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Founding Of Christendom: History Of…
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Founding Of Christendom: History Of Christendom Vol 1 (edição 2004)

por Warren H. Carroll

Séries: A History of Christendom (Volume 1)

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This series is the only comprehensive narration of Western history written from the orthodox Catholic perspective still in print. How would a historical narrative read if the author began with these first principles: Truth exists; the Incarnation happened? This series is essential reading for those who consider the West worth defending.… (mais)
Membro:josephseraphim
Título:Founding Of Christendom: History Of Christendom Vol 1
Autores:Warren H. Carroll
Informação:Christendom Press (2004), Edition: 1, Paperback, 605 pages
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The Founding of Christendom por Warren H. Carroll

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This series is the only comprehensive narration of Western history written from the orthodox Catholic perspective still in print. How would a historical narrative read if the author began with these first principles: Truth exists; the Incarnation happened? This series is essential reading for those who consider the West worth defending.
  StFrancisofAssisi | Mar 12, 2020 |
An excellent, wonderfully informative work, for the most part. You're probably like I was when I started reading this, and have never heard of Harappa, in which case you'll certainly get some interesting information out of this. Carroll goes distinctly overboard with his rhetorical appraisal of them, but he does a better job than most authors covering the ancient world of giving adequate time and coverage to civilizations other than the Greeks and Romans. This is all the more exceptional because he, of all people, would have had a good excuse for ignoring most of the rest of the world...

The book has three noteworthy weaknesses, though. First, and least severe, Carroll isn't familiar with recent research on Carthage, which suggests that "Moloch" was a ritual (like Demeter's burning away of an infant's mortality in one of the Greek myths) rather than a god, that the Carthaginians (sort of) didn't practice child sacrifice, and that they were industrialists rather than traders; but this is very easily remedied by further reading elsewhere, even though it leads to some grating moments in the book. (Also in fairness to Carroll, this book was written in the early 1980s, and this recent research on Carthage has been _very_ recent -- I'm not sure it existed yet at that time, not even in the form of specialist monographs.)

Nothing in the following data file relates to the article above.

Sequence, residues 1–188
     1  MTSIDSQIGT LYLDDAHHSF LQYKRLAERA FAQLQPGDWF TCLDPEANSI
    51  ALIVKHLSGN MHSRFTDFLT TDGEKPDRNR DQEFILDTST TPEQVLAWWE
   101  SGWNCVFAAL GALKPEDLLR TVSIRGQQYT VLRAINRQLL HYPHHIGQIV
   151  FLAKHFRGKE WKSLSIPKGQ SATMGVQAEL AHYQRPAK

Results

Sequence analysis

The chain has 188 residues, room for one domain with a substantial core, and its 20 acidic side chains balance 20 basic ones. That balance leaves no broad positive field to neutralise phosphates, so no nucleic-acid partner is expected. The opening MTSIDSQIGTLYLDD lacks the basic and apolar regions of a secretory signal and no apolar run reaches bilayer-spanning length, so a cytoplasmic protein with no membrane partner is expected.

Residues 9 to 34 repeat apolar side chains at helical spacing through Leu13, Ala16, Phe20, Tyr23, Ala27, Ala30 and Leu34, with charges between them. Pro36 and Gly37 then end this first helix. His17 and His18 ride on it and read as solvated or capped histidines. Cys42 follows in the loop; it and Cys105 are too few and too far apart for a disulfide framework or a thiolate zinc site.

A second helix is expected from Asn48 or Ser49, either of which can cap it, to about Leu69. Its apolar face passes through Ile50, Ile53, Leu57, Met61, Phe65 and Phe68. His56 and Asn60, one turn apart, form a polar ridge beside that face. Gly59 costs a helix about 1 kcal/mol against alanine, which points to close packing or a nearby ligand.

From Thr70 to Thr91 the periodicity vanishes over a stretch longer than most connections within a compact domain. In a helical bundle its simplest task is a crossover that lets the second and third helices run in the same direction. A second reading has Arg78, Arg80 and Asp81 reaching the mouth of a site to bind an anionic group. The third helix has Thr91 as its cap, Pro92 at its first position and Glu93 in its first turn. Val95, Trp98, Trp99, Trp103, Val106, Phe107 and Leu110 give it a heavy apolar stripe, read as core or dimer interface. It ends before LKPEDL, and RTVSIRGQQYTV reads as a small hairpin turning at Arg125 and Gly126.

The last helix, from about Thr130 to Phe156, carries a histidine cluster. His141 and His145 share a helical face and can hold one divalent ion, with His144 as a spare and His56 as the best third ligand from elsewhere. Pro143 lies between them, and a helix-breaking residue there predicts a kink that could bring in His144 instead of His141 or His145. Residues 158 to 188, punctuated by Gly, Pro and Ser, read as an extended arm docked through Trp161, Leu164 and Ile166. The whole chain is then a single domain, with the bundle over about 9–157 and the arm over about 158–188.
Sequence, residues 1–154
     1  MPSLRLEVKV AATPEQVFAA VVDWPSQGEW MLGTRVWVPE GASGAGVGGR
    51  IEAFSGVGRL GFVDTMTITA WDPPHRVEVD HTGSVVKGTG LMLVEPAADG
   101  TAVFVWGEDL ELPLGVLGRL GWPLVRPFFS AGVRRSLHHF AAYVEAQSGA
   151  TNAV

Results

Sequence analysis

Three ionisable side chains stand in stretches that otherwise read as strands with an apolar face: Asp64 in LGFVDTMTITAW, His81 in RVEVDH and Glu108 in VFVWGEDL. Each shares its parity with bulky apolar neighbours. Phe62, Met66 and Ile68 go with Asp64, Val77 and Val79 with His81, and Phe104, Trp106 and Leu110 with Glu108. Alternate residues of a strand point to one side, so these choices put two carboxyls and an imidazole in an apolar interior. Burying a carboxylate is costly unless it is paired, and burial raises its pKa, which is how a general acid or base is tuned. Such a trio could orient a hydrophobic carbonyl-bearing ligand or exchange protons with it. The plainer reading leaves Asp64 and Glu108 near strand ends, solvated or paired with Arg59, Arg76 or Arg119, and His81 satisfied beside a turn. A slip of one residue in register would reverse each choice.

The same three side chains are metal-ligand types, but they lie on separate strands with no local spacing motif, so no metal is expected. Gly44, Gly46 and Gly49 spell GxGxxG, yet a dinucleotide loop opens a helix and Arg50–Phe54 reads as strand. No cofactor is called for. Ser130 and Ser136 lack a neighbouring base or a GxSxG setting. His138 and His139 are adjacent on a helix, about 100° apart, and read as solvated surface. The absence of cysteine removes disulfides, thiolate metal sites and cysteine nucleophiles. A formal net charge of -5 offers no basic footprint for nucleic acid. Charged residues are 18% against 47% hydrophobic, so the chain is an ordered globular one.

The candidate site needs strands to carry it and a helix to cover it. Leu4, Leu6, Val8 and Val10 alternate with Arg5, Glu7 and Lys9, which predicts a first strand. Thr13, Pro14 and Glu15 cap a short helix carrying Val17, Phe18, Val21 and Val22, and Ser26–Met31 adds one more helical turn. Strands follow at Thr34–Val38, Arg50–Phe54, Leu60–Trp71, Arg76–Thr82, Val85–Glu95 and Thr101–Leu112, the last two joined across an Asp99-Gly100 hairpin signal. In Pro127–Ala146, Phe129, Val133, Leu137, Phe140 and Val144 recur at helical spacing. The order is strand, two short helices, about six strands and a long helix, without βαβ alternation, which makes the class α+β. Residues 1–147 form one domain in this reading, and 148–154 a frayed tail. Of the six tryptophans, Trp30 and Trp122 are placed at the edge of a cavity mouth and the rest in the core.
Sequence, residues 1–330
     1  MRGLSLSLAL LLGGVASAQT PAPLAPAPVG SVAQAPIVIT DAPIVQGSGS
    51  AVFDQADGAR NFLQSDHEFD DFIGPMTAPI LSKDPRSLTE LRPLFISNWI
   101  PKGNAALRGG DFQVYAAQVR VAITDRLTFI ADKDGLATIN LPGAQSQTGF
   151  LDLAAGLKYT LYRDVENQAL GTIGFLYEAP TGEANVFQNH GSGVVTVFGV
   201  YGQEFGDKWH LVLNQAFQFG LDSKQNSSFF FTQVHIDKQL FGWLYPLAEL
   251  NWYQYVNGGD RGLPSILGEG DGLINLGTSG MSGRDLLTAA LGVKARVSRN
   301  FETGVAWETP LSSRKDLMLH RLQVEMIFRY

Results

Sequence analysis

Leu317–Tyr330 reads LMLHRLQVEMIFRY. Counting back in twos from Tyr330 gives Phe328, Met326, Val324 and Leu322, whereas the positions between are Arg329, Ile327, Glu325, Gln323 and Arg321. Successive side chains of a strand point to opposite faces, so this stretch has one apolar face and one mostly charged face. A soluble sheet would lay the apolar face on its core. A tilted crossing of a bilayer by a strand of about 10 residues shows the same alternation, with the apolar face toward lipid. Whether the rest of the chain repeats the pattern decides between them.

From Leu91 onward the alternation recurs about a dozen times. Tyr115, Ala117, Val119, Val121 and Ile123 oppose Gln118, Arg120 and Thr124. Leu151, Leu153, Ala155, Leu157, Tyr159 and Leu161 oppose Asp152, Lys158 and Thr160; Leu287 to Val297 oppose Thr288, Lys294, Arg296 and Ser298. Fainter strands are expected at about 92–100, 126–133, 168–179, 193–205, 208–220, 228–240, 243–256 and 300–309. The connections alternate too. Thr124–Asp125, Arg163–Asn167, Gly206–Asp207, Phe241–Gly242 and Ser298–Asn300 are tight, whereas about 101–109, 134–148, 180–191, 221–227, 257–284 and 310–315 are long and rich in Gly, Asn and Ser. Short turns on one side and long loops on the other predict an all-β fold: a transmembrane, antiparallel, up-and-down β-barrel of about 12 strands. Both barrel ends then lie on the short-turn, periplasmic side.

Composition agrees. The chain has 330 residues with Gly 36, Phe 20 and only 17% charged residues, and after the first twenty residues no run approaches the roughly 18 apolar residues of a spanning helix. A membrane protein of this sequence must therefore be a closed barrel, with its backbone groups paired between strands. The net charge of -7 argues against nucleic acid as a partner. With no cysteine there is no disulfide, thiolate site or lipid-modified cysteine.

Second, his chapters on Christ are, and I hate to say this, a flop; he admits that there's little point to retelling the Gospels and Acts, and then he goes and does it, not even adding much analysis of interest; I'd recommend replacing those two chapters with the second half of Chesterton's _The Everlasting Man_.

Third, and perhaps farthest-reaching, he either doesn't know or won't admit that Zoroaster _did_ live around 2000 BC, and the Persians' guess of 600 BC was confusing Zoroaster with Cyrus. The hymns which Zoroaster wrote, the only survivals of his writings to modern times, are written in Old Persian, which, even by Cyrus' day, no one could write and hardly anyone could understand. Zoroastrianism is probably older than Judaism, and had an unmistakable influence on Jewish theology. This is not a difficulty for Catholicism -- Chesterton, in _The Everlasting Man_, describes the best and most accurate religion that one could possibly reach by unaided human reason, and guess what it sounds like an almost exact copy of? -- but it is a problem for Carroll's "fideist" or "triumphalist" style. A style which can get grating in its own right, too... ( )
  ex_ottoyuhr | Dec 22, 2008 |
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This series is the only comprehensive narration of Western history written from the orthodox Catholic perspective still in print. How would a historical narrative read if the author began with these first principles: Truth exists; the Incarnation happened? This series is essential reading for those who consider the West worth defending.

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